I believe I am not alone in thinking this post is a sophistical blight on the Easter season.

    • graywills says:

      Not a lot of charity there!

      • Are you, perchance, on commission as an apologist for this blog, or just for this post? I have replied to the substance of O’Halloran’s post. Care to do the same with my reply?

      • In any case, for the sake of clarity and brevity, I reduced the dispute to a disjunctive syllogism on my own blog (where I edited these comments into a more polished essay type thingamajig):


        1) the Eucharist was established at the Last Supper, which I think is indubitable according to orthodox Catholic tradition, and if

        2) the Mass just is the historically concrete celebration and participation in the Eucharist by Christians, then it follows that either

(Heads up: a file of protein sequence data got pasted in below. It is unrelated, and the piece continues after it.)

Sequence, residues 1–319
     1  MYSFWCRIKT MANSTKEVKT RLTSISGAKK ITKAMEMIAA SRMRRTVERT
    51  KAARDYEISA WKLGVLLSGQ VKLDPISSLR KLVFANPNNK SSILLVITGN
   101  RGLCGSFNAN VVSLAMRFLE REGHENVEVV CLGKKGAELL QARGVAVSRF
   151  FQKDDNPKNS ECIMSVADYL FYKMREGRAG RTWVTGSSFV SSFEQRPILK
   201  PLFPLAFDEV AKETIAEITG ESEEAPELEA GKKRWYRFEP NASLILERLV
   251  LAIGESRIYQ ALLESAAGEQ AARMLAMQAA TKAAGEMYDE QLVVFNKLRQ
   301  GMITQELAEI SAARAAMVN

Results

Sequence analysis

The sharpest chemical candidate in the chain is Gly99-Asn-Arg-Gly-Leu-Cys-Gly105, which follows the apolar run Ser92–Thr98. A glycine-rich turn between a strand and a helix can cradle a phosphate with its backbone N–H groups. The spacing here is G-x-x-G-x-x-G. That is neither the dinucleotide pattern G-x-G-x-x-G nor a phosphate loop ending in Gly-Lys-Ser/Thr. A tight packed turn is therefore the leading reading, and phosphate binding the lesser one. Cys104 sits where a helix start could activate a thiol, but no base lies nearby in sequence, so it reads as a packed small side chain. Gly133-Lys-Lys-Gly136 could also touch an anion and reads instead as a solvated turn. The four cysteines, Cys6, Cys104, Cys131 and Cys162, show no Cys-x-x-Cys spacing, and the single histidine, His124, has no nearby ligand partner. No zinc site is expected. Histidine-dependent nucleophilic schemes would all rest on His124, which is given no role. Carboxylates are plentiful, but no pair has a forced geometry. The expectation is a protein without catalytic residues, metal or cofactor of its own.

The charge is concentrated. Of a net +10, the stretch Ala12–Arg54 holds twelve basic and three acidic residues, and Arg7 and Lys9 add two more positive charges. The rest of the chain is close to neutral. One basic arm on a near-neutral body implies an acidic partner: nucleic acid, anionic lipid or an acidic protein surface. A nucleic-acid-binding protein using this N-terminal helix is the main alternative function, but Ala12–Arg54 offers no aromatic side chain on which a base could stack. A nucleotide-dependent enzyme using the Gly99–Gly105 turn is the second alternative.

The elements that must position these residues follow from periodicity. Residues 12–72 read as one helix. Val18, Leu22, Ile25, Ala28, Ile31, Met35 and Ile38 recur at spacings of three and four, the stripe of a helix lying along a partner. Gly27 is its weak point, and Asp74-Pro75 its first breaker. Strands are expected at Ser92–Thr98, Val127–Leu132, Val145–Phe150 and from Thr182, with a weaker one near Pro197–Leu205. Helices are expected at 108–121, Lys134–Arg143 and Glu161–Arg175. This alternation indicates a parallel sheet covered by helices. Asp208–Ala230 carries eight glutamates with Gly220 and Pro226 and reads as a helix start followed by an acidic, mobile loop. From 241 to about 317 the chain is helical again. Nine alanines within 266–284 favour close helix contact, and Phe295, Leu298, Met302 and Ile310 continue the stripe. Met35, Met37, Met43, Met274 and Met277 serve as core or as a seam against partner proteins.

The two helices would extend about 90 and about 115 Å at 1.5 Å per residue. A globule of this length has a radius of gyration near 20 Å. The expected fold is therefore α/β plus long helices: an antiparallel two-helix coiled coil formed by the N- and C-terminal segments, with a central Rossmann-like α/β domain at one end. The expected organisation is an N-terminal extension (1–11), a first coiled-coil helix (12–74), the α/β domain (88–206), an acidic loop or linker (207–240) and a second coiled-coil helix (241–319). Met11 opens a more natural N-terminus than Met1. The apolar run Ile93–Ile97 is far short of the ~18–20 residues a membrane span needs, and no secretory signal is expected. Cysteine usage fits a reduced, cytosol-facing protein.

3a) the Mass now is sacramentally unified with the Eucharist as celebrated at the Last Supper or

        3b) the Mass now is not sacramentally united with the institution of the Eucharist at the Last Supper.

        4a) If the former, then the Last Supper was indeed the first Mass in so far as the Mass just is the communion of the faithful with the Body and Blood of Christ.

        4b) If the latter, however, as O’Halloran argues, then Christianity is a Gnostic event that can only be accessed by secrets, lost in the jumble of critical history, rather than by sacraments, which are revealed to the masses by the scriptural tradition.

  10. By the way, St. Thomas addresses the issue of what body Christ gave at the Last Supper even prior to the Resurrection (ST III, q. 81, esp. a. 1 & 3): http://www.newadvent.org/summa/4081.htm

  11. Consider also St. Thomas’ discussion of a similar problem vis-à-vis baptism in ST III, q. 66, a. 2. As you read, replace the word “baptism” with “the Eucharist”:

    Objection 1. It seems that Baptism was instituted after Christ’s Passion. For the cause precedes the effect. Now Christ’s Passion operates in the sacraments of the New Law. Therefore Christ’s Passion precedes the institution of the sacraments of the New Law….